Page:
By far the biggest political action in Australia this week occurred in the state of Queensland, which overnight saw its majority eviscerated at the hands of a unified Campbell Newman led Opposition. But alas, this blog is about Australian politics and aside from some electoral implications for the federal Australian Labor Party and the change in complexion of the Council of Australian Governments (COAG), the events of the week in Queensland have little relevance when examining the events of federal politics over the past week.
Yes, the result is in many respects another stake in the heart of federal Labor which on results tonight would be all but wiped out across Queensland if swings were uniform statewide. When the Gillard Government is already in a minority government situation, the trend toward the Coalition in Queensland alone, if it were borne out at the next federal election would see the government fall easily, before even adding in New South Wales where there is potential for catastrophic losses.
An incoming Newman LNP Government means that another Coalition Premier has a seat at the COAG table, along with the Premier’s of Western Australia, New South Wales and Victoria. This probably will not have a major impact as COAG in recent years has tended to be fairly tame and “cooperative federalism” has reigned supreme. However from time to time issues may present themselves where the Liberal Premiers feel the need to join together in opposition to something that the ALP Government chooses to pursue. It would appear that the carbon tax is in the sights of the Premier-elect, so this and the MRRT appear to be at least two exceptions to the rule.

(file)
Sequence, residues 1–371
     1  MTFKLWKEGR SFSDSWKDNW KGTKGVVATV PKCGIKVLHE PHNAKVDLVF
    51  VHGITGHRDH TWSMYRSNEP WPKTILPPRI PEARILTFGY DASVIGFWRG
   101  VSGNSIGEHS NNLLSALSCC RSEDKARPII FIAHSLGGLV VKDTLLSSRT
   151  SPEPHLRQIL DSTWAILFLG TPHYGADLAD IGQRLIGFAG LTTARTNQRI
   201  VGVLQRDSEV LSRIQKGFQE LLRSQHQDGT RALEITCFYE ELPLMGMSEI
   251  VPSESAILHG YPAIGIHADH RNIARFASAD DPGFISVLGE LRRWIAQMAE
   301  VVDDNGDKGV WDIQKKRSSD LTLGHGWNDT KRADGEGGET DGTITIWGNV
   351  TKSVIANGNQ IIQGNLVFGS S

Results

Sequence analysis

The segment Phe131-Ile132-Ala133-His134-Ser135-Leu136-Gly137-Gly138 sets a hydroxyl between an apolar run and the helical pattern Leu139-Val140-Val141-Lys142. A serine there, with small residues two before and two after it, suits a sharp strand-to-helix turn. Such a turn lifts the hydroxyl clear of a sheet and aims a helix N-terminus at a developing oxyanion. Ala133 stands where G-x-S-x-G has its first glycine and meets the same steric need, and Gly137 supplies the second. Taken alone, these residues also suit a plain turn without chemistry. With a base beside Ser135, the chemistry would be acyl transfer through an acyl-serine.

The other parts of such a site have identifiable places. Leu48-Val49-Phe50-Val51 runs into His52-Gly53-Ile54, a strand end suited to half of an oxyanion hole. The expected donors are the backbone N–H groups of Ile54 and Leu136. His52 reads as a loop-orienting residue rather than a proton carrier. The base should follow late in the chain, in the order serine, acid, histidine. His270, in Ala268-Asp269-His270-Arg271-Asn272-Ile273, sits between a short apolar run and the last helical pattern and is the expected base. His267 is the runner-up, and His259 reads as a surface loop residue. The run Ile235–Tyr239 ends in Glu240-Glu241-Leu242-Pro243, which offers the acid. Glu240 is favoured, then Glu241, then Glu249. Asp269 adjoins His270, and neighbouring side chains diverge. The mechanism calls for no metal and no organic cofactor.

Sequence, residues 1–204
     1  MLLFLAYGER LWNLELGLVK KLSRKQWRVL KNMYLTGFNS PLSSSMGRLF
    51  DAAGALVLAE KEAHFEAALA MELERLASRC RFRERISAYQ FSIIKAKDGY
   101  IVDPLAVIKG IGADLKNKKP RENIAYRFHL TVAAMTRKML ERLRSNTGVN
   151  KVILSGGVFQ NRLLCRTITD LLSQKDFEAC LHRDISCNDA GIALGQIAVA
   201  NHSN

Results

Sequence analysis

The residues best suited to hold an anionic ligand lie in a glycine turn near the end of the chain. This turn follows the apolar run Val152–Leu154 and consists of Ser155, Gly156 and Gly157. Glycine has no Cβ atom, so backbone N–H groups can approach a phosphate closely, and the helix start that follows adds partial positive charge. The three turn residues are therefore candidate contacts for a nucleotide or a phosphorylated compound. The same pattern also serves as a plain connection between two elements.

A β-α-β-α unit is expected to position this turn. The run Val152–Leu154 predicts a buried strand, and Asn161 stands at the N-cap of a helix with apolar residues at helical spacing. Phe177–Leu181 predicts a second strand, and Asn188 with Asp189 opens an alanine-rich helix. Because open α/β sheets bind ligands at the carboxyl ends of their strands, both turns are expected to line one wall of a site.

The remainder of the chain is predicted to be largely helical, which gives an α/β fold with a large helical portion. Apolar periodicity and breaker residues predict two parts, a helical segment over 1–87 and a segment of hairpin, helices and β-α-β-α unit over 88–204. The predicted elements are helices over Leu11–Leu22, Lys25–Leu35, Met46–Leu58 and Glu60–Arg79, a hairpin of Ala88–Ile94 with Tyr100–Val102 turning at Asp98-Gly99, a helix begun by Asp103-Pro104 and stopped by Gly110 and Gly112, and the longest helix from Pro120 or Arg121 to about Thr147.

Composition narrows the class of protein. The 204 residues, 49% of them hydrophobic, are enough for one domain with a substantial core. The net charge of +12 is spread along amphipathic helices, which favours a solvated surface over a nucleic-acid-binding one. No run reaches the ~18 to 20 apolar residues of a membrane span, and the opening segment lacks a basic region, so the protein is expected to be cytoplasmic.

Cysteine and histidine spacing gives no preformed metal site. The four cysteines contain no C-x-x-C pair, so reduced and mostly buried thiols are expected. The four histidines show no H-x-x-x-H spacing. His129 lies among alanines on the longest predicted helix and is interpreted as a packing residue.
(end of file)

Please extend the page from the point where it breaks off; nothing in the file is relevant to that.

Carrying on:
Julia Gillard and her government saw the passage of their Minerals Resource Rent Tax (MRRT), by the Senate this week which was alone in major events in Canberra for the week in Australian politics, the last sitting period before the budget is handed down by Treasurer Wayne Swan in May. Tony Abbott and the Opposition have vowed to continue to fight the tax after its implementation and to repeal it in government and their parliamentary strategy over that and the carbon tax in recent months have echoed those words.
The parliament shared its focus in Question Time between the carbon tax, largely as a result of Opposition questions and the newly passed mining tax. The Opposition focused on perceived effects of the carbon tax on business and households and the revenue projections of the mining tax and the effect the tax may have on the economy.
The government focused on the spending associated with the Minerals Resource Rent Tax and the tax cuts to small and big business which the Coalition opposes because it opposes the tax.
Also this week, Canberra descended into gaggles of laughter which transcended political boundaries after a very strange speech from mining magnate Clive Palmer who has since tried to put distance between himself and his comments. Mr Palmer claimed that the Greens were funded by the CIA to wreck the Australian economy by destroying the mining industry which helped keep the nation afloat during the GFC.
As Australia continues to meander toward the May budget, the focus outside of the parliament will be on Treasurer Wayne Swan and the ability he and his government have to deliver the surplus they promised for fiscal year 2012-13. The focus of the media will be on trying to get a picture of the extent of the task before confirmation of the severity of any further cuts and just how much the effort will rely on the sneaky deferral of spending priorities for the budgetary year. There promises to be much political fodder over the coming weeks and the political discourse will certainly not be dull.